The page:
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Validating Snapshot Removal

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OK, I've been an idiot. In my ignorance, I have been happily creating snapshots against a Windows 2008 Server running as a virtual machine for the past 12 months or so and had ended up in a chain/hierarchy of about 8 snapshots.

This morning, I decided (after reading some articles on the nature of snapshots) I could not go on like this so decided to delete all the snapshots via the Snapshot Manager. I powered down the virtual server and clicked the 'Delete All Snapshots' button. After a couple of hours the whole box seemed to lock - I couldn't get access via the Infrastructure Client, or even from the console on the physical server. I waited another hour and then performed a hard reboot (in hindsight, I suspect I was too impatient).

Expecting the worst, I rebooted the ESXi 3.5.0 server and, to my surprise it booted happily and also, to my even greater surprise, the Windows2008 virtual machine bootedwithout any error too. I checked the Snapshot Manager and sure enough it isnot showing any snapshots. So, on the face of it, everything looks OK, but when I look in the datastore for the virtual machine, I still see numerous .vmdk files (see attached screenshot).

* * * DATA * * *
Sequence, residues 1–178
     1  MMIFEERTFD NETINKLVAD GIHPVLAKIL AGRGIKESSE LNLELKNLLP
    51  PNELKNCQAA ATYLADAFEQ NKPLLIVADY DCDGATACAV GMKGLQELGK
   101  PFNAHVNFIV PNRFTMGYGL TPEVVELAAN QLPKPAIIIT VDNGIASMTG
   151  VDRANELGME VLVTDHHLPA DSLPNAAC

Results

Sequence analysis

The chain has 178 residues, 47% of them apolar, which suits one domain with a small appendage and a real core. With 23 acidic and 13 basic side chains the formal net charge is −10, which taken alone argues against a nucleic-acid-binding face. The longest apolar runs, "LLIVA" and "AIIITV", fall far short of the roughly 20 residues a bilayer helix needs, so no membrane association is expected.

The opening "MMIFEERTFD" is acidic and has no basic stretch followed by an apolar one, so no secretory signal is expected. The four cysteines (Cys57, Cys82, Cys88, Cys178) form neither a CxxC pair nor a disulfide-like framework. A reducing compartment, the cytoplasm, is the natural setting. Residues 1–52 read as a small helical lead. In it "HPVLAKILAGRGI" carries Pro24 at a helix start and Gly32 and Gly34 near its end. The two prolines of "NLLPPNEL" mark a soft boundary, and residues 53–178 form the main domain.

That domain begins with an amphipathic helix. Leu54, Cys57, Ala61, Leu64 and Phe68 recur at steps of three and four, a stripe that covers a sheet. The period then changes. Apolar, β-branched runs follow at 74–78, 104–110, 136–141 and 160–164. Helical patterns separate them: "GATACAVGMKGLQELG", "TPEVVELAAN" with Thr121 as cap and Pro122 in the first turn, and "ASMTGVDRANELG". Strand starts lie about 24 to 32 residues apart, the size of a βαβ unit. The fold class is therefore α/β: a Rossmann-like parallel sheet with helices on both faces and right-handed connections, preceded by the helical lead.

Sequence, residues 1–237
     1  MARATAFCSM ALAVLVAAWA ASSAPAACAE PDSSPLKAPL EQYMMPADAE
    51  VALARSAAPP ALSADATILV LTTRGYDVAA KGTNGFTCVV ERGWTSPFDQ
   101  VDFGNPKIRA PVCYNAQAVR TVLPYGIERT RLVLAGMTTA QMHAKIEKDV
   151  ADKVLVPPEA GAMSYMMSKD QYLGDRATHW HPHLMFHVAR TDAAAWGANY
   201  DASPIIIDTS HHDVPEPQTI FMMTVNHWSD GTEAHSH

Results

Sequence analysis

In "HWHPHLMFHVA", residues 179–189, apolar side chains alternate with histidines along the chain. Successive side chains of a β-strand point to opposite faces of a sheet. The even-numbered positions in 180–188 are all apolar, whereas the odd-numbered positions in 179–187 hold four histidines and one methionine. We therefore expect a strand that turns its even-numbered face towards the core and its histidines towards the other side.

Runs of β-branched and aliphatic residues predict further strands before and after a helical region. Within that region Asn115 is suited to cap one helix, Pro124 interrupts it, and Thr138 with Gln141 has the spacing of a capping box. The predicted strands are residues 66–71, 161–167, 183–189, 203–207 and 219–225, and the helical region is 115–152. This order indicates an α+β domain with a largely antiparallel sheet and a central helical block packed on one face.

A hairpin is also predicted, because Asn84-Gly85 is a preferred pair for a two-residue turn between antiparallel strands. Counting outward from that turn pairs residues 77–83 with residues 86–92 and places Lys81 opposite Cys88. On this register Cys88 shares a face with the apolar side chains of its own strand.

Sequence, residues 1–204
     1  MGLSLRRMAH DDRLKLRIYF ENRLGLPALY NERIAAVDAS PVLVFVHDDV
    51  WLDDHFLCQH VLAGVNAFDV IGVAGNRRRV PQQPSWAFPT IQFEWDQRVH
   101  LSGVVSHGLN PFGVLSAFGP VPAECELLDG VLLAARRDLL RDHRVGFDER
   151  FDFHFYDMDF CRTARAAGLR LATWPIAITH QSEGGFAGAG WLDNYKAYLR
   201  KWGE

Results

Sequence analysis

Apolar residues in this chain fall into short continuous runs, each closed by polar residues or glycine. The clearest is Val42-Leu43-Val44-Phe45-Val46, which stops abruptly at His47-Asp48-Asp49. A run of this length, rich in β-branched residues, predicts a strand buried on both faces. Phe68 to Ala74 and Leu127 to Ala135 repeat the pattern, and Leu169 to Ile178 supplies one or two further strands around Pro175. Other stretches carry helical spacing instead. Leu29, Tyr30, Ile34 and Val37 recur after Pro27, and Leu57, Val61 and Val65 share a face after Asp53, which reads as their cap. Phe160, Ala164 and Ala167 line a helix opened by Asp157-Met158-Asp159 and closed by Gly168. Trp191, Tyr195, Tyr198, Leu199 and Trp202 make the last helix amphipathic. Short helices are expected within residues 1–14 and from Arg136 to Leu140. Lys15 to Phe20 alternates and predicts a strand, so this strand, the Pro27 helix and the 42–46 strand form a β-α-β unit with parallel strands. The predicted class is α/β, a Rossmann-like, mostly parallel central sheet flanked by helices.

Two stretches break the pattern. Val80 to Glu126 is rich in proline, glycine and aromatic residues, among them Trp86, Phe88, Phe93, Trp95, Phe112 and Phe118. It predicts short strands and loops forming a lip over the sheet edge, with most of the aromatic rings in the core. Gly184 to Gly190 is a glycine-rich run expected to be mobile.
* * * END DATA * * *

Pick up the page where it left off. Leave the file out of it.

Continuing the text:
Can anyone tell me if these files are to be expected and, perhaps more importantly if there is any way to check/validate that the snapshot removal has been successful and, if not, is there a way to correct the problem I may have created for myself?

Thanks.

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Virtuoso
Virtuoso

You can also access the console via the method detailed in the below link

http://vmprofessional.com/2008/06/esxi-unsupported-console-access.html

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Virtuoso
Virtuoso

Your snapshot files have not been deleted. One easy way to check if the snapshot files are being referenced is to edit the settings of the VM and select the hard disk - have a look at the file name(s) the hard disk(s) are referencing.

How much free disk space is there on this particular datastore?

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Hi, I did as you suggested and it looks like the VM is still referencing the snapshot files (e.g. DataStore1 is referencing Zeus-000006.vmdk.) I'm assuming that this means that Zeus-000005.vmdk, Zeus-000004.vmdk are all needed as well?).

I am currently moving other files (not associated with this VM) of the physical DataStorewhich is currently saying that only 6MB is free (even tough I have already moved 32GB of the drive, so I'm not sure what is going on there?)

I read elswhere that, assuming the original operation failed due to lack of disk space, that if I create a new snapshot and then perform a 'delete all' against that it will clean up all of the 'orphaned' snapshot files in the process - do you think this is likley?

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Champion
Champion